Mental illness can be damaging to others, especially to a person’s friends and family. However, an often ignored fact is that many mental disorders are maintained and even caused by family members. Due to rapid development in the brain throughout childhood, the mind is especially susceptible to trauma and the development of negative cognitive patterns that can develop into mental health problems and addiction later on. Because of this, many parents inadvertently instill negative behaviors in their kids, often times modeled after unhealthy ones they learned from their own parents.
Many adolescents and adults still are unsure about what they want to spend their life doing, young kids are still very much in the process of exploration, incredibly far away from developing long term motivations and goals. One of the most common ways parents cause psychological damage to their kids unbeknownst to them is by expecting them to share their interests. Many parents fall into the trap of projecting past goals and desires onto their children, using them to live vicariously in a sort of psychological second chance.
Projecting unfulfilled dreams and emotional inconsideration
If a child happens to develop a passion that was the same as their parents, then the parent has all the more to talk to them about; however, pushing one’s old hobbies on their kids is not only forcing them to do something that they most likely do not find enjoyable, but you are depriving them of spending that time trying another activity that may resonate with them better. Most of us do not accomplish our childhood dreams of becoming an astronaut or a sports star – practicing psychotherapeutic techniques can help parents let go of their unfulfilled dreams, reducing the chance that they will simply channel them to their children.
Similarly to projecting past dreams on kids are parents’ tendency to punish independence or separation. It is easy to forget that kids are people that need their own space to observe and develop their own opinions, especially when they are at a young age. Never allowing your child to leave your side or dismissing them whenever they are upset is essentially giving them a crash course on how to unhealthily repress emotions far into adulthood. Most parents think they are hardening their kids by taking a tough stance with them (by being dismissive, contrarian, condescending, etc.) when they show negative emotions. However, they do not realize that their child is not so much venting their own problems as they are looking to them for emotional support. Essentially letting them know that you do not find their feelings valid or worth your time, or even worse, growing upset at the annoyance yourself, is a surefire way to pass on those negative interactional patterns to the kid and their children.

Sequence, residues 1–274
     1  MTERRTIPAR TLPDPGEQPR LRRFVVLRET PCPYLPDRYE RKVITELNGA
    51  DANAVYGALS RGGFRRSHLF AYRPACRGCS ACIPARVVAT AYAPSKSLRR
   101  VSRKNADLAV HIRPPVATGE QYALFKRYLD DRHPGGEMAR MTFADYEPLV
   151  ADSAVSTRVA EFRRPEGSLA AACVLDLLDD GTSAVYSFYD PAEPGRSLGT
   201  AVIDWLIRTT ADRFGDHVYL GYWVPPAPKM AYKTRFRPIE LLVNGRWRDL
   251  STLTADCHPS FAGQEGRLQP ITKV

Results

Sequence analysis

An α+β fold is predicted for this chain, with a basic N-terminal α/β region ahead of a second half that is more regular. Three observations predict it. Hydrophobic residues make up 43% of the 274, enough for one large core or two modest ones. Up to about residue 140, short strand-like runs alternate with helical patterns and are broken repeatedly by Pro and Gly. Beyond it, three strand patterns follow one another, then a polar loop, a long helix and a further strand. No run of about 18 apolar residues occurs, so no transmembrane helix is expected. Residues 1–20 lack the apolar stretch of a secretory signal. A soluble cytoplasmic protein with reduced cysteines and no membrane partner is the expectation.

Another habit that is emotionally inconsiderate are parents’ tendencies to use their children as a one way emotional outlet à la a pet. Children are already emotionally unstable enough, and are not equipped to offer effective social support for their parents’ issues. Not only may this reduce your child’s faith in your ability to provide them emotional support (resulting in them becoming more closed off), it can teach them that constant venting on people without expecting any real conversation out of them is a positive thing to do. Conversely, trying to be too stoic can deprive kids of emotional support and teach them that showing emotions is weak, a notion that plays a considerable role in half the country’s mental health issues going untreated and the $300 billion in damage they cost the country each year.
Arguing with the other parent and being overly involved
Another great way to pass on the negative interactional patterns we learned from our parents is to argue or fight with the other parent in front of the child. Withholding affection, being overly critical or hurtful, screaming a fair amount and constantly threatening to break up will do wonders for your child’s anxiety levels and the way they treat their partners in the future. Also, remaining bitter or blaming after a divorce are effective strategies for teaching kids how to maintain grudges for years and let bitterness affect the rest of their family.
Being overly involved is also a dangerous idea, reducing the child’s alone time and independence and instilling unneeded pressure. Many parents habitually remind their kids of how much of a reflection on them they are – this is not only selfish but bordering on reckless behavior. Reminding them that you will withhold emotional support upon failure to meet their image standards lays the groundwork for inadequacy issues in the child as well as possibly controlling, egotistical behavior in adulthood.
A way of avoiding this can be to focus on setting more consistent rules and goals for the child. Demanding and expecting are negative emotions that often result in more negativity; hoping and being supportive are more positive ways of getting your child to perform to your standards. At Sovereign Health, our team of expert staff is very familiar with the role that parents play in the development of mental disorders, offering family therapies in addition to individual and group modalities. If you have any questions, feel free to browse the reviews section of our site or contact us today.
Written by Chase Beckwith, Sovereign Health Group writer